I don’t feel anything. I have no attachments to most of the population. Other than about 15 people that I actually care about, the rest of the world could die tomorrow and they’d just be names on a piece of paper to me. Including my wife and children. I genuinely don’t care about them. I know according to society and psychology that should bother me, but it doesn’t.

A. The one missing element in your letter was what may have preceded your feeling desensitized. You listed your occupation as “military.” Is it possible that your desensitization may have been the result of your military training or experience? Military training often involves the use of virtual reality systems. That training has been found to increase desensitization. It is also common for soldiers to return home, especially those who have experienced combat and war, and feel disconnected from the world.

Desensitization involves the inability to feel emotions. It’s akin to emotional numbness. This may happen as a defensive mechanism. Think of a defense mechanism as a psychological protection system. They are involuntary and unconscious and are meant to reduce psychological stress. Desensitization is also a common feature of posttraumatic stress disorder (PTSD).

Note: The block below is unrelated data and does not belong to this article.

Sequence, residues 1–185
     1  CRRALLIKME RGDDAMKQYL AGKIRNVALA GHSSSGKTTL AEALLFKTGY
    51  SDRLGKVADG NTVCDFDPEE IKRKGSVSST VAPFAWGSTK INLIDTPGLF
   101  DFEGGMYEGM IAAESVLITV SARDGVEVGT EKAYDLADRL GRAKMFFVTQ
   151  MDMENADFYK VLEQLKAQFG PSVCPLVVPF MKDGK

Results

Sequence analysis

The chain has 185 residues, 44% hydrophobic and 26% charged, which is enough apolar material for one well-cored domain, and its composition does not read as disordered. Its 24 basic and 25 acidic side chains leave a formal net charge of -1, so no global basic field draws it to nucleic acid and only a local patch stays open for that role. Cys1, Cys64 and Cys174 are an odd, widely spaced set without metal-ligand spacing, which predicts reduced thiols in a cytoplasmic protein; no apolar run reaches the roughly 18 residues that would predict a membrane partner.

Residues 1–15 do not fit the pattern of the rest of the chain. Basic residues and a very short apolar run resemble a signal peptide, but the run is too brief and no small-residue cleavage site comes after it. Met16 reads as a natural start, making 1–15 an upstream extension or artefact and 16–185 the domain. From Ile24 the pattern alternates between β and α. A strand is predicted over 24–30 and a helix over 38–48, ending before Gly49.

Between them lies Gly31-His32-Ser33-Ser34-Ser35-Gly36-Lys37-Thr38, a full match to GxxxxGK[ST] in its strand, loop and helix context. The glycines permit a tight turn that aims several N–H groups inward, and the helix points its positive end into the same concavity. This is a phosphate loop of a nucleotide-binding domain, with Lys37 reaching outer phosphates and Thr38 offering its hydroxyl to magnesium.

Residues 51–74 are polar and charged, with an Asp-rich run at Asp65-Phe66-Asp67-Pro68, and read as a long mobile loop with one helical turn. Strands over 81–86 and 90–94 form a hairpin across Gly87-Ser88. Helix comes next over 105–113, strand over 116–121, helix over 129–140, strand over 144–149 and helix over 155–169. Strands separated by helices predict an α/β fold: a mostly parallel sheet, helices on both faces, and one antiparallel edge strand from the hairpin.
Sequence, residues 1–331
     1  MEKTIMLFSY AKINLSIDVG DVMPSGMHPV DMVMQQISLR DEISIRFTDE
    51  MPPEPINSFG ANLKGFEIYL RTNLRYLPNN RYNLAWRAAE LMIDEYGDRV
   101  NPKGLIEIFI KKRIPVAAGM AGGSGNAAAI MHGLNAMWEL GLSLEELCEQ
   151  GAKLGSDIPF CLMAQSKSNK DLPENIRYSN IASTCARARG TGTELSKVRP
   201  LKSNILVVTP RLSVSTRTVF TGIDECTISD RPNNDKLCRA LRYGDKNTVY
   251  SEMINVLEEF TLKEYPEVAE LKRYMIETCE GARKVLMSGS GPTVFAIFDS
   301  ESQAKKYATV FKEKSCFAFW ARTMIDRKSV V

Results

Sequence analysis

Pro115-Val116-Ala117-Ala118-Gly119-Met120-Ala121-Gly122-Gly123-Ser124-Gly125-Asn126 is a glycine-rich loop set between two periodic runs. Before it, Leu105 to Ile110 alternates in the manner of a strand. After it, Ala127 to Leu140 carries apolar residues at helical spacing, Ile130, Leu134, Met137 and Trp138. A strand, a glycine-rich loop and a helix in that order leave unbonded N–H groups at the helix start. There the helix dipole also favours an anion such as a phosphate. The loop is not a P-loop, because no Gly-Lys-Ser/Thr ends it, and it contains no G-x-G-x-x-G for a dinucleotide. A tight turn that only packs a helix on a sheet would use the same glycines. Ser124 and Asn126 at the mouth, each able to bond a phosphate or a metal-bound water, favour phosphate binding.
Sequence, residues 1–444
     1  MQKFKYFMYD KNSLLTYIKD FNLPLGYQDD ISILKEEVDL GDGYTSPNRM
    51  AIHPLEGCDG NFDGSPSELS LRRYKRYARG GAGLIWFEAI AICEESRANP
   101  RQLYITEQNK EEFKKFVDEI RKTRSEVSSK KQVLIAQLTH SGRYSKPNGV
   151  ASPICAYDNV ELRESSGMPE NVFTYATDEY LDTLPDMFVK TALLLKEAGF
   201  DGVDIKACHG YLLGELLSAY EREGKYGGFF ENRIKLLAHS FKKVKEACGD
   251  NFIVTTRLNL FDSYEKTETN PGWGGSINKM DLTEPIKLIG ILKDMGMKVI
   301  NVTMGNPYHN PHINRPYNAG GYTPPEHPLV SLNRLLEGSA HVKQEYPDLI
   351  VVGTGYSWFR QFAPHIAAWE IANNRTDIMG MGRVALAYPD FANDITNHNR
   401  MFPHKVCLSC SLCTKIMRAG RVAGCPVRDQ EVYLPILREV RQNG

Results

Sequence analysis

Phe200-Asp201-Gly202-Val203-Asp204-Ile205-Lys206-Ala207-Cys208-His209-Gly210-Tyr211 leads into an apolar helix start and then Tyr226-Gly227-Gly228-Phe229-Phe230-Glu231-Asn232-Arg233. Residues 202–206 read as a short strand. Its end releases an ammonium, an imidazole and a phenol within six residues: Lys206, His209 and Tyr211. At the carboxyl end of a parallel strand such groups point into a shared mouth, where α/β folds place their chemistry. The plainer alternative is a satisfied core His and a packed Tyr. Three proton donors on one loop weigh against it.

There are multiple, evidence-based treatments for PTSD including cognitive behavioral therapy and eye movement desensitization and reprocessing therapy (EMDR). You should strongly consider visiting a mental health professional. Your local Veterans Affairs hospital should be able to help you.

Recent longitudinal studies have indicated that the majority of people experience transient mental health symptoms at some point during their lives. In other words, we all struggle from time to time. It is nothing to be ashamed of because it happens to virtually everyone. If you’re willing to seek treatment, you will likely experience a positive outcome. I hope that you will consider it. Please take care.

Dr. Kristina Randle